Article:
A virtual private server (VPS) is created through the process of virtualization, by which a virtual replica of a physical server is created. A VPS is like having access to your own personal server with an allocated number of resources and choice of a pre-installed operating system. It is an isolated microsystem based on a shared server. Since a VPS is self contained, you have full control of your server setup and are responsible for all updates and security. You can also choose to opt for our managed service.
Typically, a web hosting service gives you the option of selecting either a traditional hard drive or a solid-state drive as your website's storage medium. Traditional hard drives have large capacities and lower prices, but they aren't quite as resilient as their SSD counterparts. Solid-state drives, on the other hand, are often faster and more reliable than HDDs, but they cost more and have smaller storage capacities. Unless you truly need blazing speed, a traditional hard drive should get the job done.

Unlike managed VPS plans, unmanaged VPS plans are not actively managed by A2 Hosting. Unmanaged VPS plans are for more advanced users who are comfortable using the command-line interface and doing system administration tasks. These plans include root account access so you can customize the server as much as necessary. As a result, you are responsible for the following items:
KVM virtualization gives customers more possibilities of management and server configuration. As it is a kernel based VPS hosting, kernels can be upgraded and modified by installing kernel modules. KVM has its own virtualized hardware, and the virtual server acts as a physical server. There is a possibility to set up a container-based system, such a Docker or Kubernetes to create OS level based containers on the KVM server.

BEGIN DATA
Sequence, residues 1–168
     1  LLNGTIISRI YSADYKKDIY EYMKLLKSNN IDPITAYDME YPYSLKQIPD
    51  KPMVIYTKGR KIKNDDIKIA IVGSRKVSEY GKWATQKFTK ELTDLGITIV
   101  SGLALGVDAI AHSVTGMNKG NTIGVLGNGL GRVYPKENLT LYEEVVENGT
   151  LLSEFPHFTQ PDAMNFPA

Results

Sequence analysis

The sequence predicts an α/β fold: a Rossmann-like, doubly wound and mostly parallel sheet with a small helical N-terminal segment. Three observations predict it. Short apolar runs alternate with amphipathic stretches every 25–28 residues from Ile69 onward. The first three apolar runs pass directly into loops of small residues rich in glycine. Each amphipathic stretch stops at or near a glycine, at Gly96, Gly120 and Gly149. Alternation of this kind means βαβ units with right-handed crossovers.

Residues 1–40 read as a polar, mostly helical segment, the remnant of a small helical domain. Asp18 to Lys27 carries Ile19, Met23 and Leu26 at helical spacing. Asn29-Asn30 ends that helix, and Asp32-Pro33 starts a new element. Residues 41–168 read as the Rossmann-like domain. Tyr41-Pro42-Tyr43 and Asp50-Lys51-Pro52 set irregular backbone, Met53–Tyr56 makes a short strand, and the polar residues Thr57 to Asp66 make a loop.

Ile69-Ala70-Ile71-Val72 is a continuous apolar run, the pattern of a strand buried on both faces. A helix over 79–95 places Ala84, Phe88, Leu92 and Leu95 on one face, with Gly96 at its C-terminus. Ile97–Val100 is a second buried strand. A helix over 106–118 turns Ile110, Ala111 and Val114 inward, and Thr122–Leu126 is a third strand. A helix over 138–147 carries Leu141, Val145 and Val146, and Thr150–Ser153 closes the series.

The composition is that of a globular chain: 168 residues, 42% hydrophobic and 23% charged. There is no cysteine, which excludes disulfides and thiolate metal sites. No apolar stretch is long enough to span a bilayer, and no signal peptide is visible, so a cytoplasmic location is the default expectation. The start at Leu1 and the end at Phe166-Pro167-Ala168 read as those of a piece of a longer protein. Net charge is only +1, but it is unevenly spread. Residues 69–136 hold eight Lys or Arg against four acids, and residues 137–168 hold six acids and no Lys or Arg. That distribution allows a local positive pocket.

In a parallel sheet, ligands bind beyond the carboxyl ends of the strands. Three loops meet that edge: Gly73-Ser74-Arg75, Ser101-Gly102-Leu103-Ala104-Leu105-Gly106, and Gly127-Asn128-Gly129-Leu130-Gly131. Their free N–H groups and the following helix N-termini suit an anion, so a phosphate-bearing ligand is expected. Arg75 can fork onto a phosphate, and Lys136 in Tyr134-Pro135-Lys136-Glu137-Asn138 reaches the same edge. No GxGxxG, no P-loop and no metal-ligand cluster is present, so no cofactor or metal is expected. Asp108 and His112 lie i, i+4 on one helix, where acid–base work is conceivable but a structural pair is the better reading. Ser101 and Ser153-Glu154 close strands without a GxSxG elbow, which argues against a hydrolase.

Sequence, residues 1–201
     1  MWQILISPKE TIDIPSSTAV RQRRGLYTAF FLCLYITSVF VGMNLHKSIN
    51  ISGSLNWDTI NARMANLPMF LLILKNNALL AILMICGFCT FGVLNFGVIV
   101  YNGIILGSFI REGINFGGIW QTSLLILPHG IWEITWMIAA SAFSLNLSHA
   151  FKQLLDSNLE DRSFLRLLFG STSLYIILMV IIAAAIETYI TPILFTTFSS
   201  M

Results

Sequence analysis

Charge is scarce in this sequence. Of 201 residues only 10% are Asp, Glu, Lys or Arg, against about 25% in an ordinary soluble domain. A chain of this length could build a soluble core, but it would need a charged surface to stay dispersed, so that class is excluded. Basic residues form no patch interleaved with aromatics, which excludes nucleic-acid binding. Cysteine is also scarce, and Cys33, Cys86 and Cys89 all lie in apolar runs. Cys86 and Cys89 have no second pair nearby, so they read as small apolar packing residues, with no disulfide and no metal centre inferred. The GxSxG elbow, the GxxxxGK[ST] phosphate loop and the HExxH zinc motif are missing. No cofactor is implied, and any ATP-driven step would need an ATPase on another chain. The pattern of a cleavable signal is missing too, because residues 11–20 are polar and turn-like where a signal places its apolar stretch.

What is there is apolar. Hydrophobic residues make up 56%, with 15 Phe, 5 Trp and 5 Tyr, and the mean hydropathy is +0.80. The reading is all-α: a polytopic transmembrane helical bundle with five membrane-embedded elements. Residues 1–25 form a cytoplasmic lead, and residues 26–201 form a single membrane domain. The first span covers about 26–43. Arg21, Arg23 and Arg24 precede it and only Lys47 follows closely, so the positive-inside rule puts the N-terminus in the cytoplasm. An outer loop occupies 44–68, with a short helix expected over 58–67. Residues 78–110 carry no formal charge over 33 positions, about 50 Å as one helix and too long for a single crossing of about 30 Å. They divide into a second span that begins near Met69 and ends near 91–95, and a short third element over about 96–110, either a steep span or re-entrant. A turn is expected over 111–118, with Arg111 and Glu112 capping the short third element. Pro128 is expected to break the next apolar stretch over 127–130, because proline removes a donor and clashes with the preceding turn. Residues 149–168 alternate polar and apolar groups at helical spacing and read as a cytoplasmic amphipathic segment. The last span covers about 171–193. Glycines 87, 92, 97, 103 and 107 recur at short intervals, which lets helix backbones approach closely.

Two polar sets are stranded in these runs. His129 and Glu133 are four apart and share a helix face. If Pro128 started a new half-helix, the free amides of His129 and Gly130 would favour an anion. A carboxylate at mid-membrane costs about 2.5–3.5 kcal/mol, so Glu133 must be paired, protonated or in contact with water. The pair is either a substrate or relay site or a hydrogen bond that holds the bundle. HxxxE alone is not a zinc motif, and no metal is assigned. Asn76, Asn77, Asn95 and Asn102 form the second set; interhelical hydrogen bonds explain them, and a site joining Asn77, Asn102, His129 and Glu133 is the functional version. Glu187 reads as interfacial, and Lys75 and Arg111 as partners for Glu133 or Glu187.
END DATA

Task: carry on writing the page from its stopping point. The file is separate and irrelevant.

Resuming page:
I was on a mission to look for new VPS hosting for our new website. It was between Bluehost, Dreamhost, and InMotion Hosting. After a chat with Adam, it is clear that InMotion Hosting is the best choice for us because of the outstanding support. I want to let you and your department know that Adam is doing an outstanding job for your company. I will refer my friends to you guys."
Partitioning a single server to appear as multiple servers has been increasingly common on microcomputers since the launch of VMware ESX Server in 2001. The physical server typically runs a hypervisor which is tasked with creating, releasing, and managing the resources of "guest" operating systems, or virtual machines. These guest operating systems are allocated a share of resources of the physical server, typically in a manner in which the guest is not aware of any other physical resources save for those allocated to it by the hypervisor. As a VPS runs its own copy of its operating system, customers have superuser-level access to that operating system instance, and can install almost any software that runs on the OS; however, due to the number of virtualization clients typically running on a single machine, a VPS generally has limited processor time, RAM, and disk space.[2]
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